ILNews

High court hears 2 cases

Michael W. Hoskins
January 1, 2007
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Justices heard arguments this morning on two cases, one asking whether mayors have veto power over certain zoning variances approved by local officials.

First arguments before the Indiana Supreme Court came in Heidbreder, Inc. v. Board of Zoning Appeals of the City of Crown Point, 858 N.E.2d 1999 (Ind. Ct. App. 2006). The Court of Appeals in December reversed the trial court in its decision involving a special-use variance request.

The case stems from a request by Heidbreder to locate a concrete redi-mix plant on the company-owned property and the subsequent variance filed in March 2005. The local BZA approved the plan, as did the city council. However, the Crown Point mayor vetoed the special use, and the city council was not able to get enough votes to override it.

Lake Superior Judge John Pera held that IC 36-7-4-918.6 does not apply to municipalities, that the special use had not been granted, and that the mayor was empowered to veto a special-use resolution. The Court of Appeals found the lower court erred on all three issues and reversed the case.

Justices had not yet decided to take the case at arguments. Attorneys appearing before the Supreme Court were Crown Point attorney Bruce A. Lambka for the appellant Heidbreder, and Patrick A. Schuster for the city's BZA.

The second argument justices heard this morning was Linda Keesling v. Frederick Beegle, 18A04-0501-CV-10, which involves fraud, theft, conversion, racketeering, and securities claims relating to the selling of telephone systems, including payphones.
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  1. I gave tempparry guardship to a friend of my granddaughter in 2012. I went to prison. I had custody. My daughter went to prison to. We are out. My daughter gave me custody but can get her back. She was not order to give me custody . but now we want granddaughter back from friend. She's 14 now. What rights do we have

  2. This sure is not what most who value good governance consider the Rule of Law to entail: "In a letter dated March 2, which Brizzi forwarded to IBJ, the commission dismissed the grievance “on grounds that there is not reasonable cause to believe that you are guilty of misconduct.”" Yet two month later reasonable cause does exist? (Or is the commission forging ahead, the need for reasonable belief be damned? -- A seeming violation of the Rules of Profession Ethics on the part of the commission) Could the rule of law theory cause one to believe that an explanation is in order? Could it be that Hoosier attorneys live under Imperial Law (which is also a t-word that rhymes with infamy) in which the Platonic guardians can do no wrong and never owe the plebeian class any explanation for their powerful actions. (Might makes it right?) Could this be a case of politics directing the commission, as celebrated IU Mauer Professor (the late) Patrick Baude warned was happening 20 years ago in his controversial (whisteblowing) ethics lecture on a quite similar topic: http://www.repository.law.indiana.edu/cgi/viewcontent.cgi?article=1498&context=ilj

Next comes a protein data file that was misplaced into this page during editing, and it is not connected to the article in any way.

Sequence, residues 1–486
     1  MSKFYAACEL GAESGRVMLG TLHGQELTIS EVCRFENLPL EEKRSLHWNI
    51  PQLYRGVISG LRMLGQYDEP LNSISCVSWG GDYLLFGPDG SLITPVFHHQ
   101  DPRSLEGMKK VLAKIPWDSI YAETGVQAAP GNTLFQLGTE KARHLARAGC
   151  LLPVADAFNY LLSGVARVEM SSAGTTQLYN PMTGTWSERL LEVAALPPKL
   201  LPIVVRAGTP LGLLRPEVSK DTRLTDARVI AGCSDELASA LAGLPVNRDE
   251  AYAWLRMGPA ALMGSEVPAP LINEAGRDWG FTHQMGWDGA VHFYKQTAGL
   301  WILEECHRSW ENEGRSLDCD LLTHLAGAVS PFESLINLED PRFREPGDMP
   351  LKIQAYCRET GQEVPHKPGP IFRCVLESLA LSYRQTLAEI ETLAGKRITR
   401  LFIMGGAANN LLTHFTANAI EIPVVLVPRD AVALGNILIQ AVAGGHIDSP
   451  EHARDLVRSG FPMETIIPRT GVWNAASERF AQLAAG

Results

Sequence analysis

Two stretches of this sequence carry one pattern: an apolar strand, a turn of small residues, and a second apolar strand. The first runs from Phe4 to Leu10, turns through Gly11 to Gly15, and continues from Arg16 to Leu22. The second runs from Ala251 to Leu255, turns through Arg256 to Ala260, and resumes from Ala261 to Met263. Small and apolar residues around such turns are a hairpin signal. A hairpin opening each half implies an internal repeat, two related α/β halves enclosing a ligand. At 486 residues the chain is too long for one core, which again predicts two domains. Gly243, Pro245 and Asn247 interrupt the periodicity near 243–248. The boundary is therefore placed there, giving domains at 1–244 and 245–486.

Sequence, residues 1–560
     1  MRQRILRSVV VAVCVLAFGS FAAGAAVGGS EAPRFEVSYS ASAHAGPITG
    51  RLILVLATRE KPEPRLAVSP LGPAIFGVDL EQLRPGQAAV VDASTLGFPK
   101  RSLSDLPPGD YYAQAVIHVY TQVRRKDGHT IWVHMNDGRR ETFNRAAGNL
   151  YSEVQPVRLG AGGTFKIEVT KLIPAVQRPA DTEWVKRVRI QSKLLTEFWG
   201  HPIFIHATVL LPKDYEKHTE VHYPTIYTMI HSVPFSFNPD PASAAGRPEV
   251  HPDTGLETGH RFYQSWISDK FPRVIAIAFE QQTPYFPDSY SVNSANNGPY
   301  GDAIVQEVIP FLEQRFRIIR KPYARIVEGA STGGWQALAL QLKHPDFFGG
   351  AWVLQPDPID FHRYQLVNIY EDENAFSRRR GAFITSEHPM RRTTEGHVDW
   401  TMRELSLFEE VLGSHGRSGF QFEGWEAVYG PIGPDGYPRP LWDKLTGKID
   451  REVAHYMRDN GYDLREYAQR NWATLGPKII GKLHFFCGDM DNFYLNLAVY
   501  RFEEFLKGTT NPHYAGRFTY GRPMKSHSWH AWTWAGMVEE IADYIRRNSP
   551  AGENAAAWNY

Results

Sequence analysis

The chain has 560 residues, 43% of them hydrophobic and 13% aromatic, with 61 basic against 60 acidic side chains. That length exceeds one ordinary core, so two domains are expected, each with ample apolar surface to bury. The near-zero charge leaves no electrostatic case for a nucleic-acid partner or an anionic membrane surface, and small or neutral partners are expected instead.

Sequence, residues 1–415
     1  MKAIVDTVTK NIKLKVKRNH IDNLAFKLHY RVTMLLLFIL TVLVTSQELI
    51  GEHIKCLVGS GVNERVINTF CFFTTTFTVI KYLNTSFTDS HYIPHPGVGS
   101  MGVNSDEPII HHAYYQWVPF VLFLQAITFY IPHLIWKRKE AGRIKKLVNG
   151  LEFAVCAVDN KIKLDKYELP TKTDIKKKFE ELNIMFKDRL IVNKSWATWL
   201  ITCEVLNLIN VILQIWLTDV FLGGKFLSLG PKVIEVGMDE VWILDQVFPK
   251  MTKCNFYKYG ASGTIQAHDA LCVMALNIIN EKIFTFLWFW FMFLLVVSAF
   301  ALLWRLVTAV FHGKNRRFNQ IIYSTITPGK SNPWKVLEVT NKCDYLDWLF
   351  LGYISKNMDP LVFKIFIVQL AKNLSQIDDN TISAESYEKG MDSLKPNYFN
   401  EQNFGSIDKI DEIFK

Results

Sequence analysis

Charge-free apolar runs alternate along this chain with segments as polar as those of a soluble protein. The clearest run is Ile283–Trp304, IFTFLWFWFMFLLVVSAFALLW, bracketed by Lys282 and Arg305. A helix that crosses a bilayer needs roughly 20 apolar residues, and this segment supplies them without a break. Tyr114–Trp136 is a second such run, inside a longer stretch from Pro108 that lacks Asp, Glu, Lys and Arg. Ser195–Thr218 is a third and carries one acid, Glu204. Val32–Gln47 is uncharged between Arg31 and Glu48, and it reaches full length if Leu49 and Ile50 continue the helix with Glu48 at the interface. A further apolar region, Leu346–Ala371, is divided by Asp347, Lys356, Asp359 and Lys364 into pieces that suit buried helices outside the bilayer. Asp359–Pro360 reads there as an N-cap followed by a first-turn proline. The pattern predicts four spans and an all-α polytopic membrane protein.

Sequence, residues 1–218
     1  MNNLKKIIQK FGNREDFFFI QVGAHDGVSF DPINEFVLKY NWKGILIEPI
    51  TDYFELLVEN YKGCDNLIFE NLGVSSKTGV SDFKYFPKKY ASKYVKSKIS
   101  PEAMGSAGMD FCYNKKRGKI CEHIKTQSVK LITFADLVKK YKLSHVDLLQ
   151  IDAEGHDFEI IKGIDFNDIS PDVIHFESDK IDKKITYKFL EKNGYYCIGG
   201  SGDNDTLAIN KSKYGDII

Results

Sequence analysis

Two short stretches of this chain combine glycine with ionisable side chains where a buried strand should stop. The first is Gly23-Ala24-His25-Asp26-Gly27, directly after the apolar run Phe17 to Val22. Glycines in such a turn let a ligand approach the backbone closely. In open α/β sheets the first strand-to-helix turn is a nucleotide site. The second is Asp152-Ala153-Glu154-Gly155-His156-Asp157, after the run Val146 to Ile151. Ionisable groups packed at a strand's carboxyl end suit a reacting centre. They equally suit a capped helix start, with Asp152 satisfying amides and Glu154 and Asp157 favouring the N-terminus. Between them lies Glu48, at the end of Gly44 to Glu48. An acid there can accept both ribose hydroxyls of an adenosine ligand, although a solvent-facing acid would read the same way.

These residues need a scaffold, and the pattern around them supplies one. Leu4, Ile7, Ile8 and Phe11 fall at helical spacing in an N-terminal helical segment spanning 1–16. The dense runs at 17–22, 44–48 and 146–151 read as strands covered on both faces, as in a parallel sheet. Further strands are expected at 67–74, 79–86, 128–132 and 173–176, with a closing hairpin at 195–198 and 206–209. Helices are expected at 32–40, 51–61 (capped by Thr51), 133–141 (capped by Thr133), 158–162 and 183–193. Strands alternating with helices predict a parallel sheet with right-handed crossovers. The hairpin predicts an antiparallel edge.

3. I have a case presently pending cert review before the SCOTUS that reveals just how Indiana regulates the bar. I have been denied licensure for life for holding the wrong views and questioning the grand inquisitors as to their duties as to state and federal constitutional due process. True story: https://www.scribd.com/doc/299040839/2016Petitionforcert-to-SCOTUS Shorter, Amici brief serving to frame issue as misuse of govt licensure: https://www.scribd.com/doc/312841269/Thomas-More-Society-Amicus-Brown-v-Ind-Bd-of-Law-Examiners

  4. Here's an idea...how about we MORE heavily regulate the law schools to reduce the surplus of graduates, driving starting salaries up for those new grads, so that we can all pay our insane amount of student loans off in a reasonable amount of time and then be able to afford to do pro bono & low-fee work? I've got friends in other industries, radiology for example, and their schools accept a very limited number of students so there will never be a glut of new grads and everyone's pay stays high. For example, my radiologist friend's school accepted just six new students per year.

  5. I totally agree with John Smith.

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